No. It’s not.

I think it’s more accurate to talk about writers and their requirements for structure in their process. Some require a lot and some require less. It’s not a This or That situation. It’s a continuum, and what matters, ultimately, is whether your process results in a finished book where “finished” means it’s great story and you’ve fixed all your bonehead errors and typos.

Did you FINISH that puppy?

I love podcasts. I listen to lots of writing podcasts– most about the business because craft discussions — see above. Just about all my favorites have recently featured guests who said, in some form or another, some obliquely and some overtly, that pantsers are doing it wrong.

No. They are not. I have been writing long enough that actually, I know I’m not doing it wrong. I am coming up on 30 published novels, novellas, and short stories. Most of those 30 are 100,000 word novels. I have been traditionally published and now I self publish. There was a period, during which, by the way, I did not sell a single novel, in which I tried structured approaches.

I once wrote a 70 page outline. I’ve done character bios, charts, you name it, if it involved pre-planning so you know what you’re going to write, I tried it and I failed miserably. I FAILED MISERABLY AT PLOTTING. I lost an embarrassing number of years out of my writing career because all the writing books insisted on structure and pre-planning, and that had to mean I was doing it wrong. Right?

Charts, Bios, GMC, Outlines: GO AWAY!

I’m one of the few authors around who sold her first book. Two weeks after I queried it. By pantsing it, by the way. I had no idea what I was doing so I did what I felt like doing and it turned out I’d managed to hit on the process that worked for me pretty much right off the bat.

When I hear a new author talk about how they they were a pantser but boy, that first book was such a mess, it’s still under the bed, so OBVIOUSLY pantsing is wrong — Folks, no, Just NO. What it means is that author had not yet discovered her writing process. Few people writing their first novel know what process works for them. But it doesn’t mean that messy process is wrong for everyone. It’s a newbie effort, so all you new writers, your job is to find out what works for you. You have to keep writing to find out. You do have to pay attention to craft discussions and try out techniques so you know if it works for you.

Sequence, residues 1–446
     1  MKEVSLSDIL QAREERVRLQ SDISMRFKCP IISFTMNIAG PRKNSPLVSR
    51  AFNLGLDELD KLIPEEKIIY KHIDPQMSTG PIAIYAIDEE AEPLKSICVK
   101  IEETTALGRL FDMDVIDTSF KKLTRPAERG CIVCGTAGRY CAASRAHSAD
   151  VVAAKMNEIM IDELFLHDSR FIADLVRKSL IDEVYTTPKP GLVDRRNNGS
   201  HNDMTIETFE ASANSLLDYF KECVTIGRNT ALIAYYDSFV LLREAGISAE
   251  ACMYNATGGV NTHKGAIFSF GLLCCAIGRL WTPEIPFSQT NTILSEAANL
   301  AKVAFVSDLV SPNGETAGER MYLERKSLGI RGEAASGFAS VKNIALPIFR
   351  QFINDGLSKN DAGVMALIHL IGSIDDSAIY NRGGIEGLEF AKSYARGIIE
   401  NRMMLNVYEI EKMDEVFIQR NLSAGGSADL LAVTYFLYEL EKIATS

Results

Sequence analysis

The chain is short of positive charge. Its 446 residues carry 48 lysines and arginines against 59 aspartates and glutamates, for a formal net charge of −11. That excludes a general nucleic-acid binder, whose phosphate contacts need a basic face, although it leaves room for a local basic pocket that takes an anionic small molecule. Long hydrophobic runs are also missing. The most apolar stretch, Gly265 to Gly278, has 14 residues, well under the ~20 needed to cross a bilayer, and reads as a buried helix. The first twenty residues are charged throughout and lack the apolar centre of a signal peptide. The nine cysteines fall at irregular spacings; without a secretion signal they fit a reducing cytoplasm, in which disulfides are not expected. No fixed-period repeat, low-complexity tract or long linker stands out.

All those plotter sort of things that are supposed to be a better, faster way to write are likely to completely fail some authors. All those pantser “just let it flow” things are going to fail some authors.

Carolyn the pantser (with a full time job) has written novels in 90 days while in graduate school, with a young son. I have written 30K word novellas in 30 days. Without a single outline. With very little planning.

The kind of significant planning that so many plotters do is a waste of time for me. Not for them. For me. I know this because my traditional publishers used to make me write synopses and it was awful horrible, dreadful and not one single synopsis I ever wrote (unless it was after the book was done) had the slightest resemblance to the book I turned in. None. Zero.

LESS THAN ZERO!!!!!

In the time it would take me to write a synopsis that didn’t make my agent cry— actually, I never wrote a synopsis that didn’t make my agent cry (Sorry, Kristin!)— I could have been 20 pages into the actual book.

Here is how it works for me: I spend 3-4 days bouncing around ideas in a notebook for an hour or so a day. Handwritten. I now have fountain pens so this is fairly awesome. I describe various things the book might be about, things that might happen etc. And from that comes this sense of the emotional heft of the characters who will be on the page. And then, I start writing. I pick a scene that represents that emotional heft and I start writing at what I figure is the middle of their story. My notebooking focuses me and gives me a place to start. I think about those characters and their story and I KNOW FOR SURE my story will be about some series of events.

{Folks, Ima setting you up. About now, you’re saying “BUT THAT’S PLOTTING!!!!}

I sit down to write and

Not one single thing I notebooked happens. The characters say and do stuff I didn’t expect and in response to that more stuff happens that I didn’t expect. But it’s magic. If I pay attention to what’s happening on the page my characters show me the interesting complicated fascinating relationship they will have. My job is to let that happen no matter what I wrote in my notebook.

My writing is constant focusing, brainstorming, following the threads that appear, deciding that X will happen and being totally prepared and willing to go with Y if that’s what’s happening. I brainstorm in my notebooks as needed — because I do need that. But I’m never more than a few scenes ahead. There’s no point.

Nobody Knows You’re a Pantser

After nearly 30 novels, I know that’s what it will be like. Not one single outline, no charts, no beats. No nothing. Sometimes I’ll go in and chop things up or out or rejigger. Every story is a little different, a different shape and heft on the page. I’ve had books that I rewrote in 3 weeks because I knew the traditional editorial process had failed me. I’ve had books where editors said “Don’t change a word.” I’ve had books I heavily revised because my editor was right about a weakness.

Some people write faster than I do. But loads of people write slower. And nobody can tell I’m a pantser from the finished product. Just like readers can’t tell if a book was plotted in advance.

I have one doorstop/under the bed book. It’s the one I tried to plot. Every other book I’ve written has been published. So, you know, pantsing works. If you’re a pantser.

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Dancing in The Duke’s Arms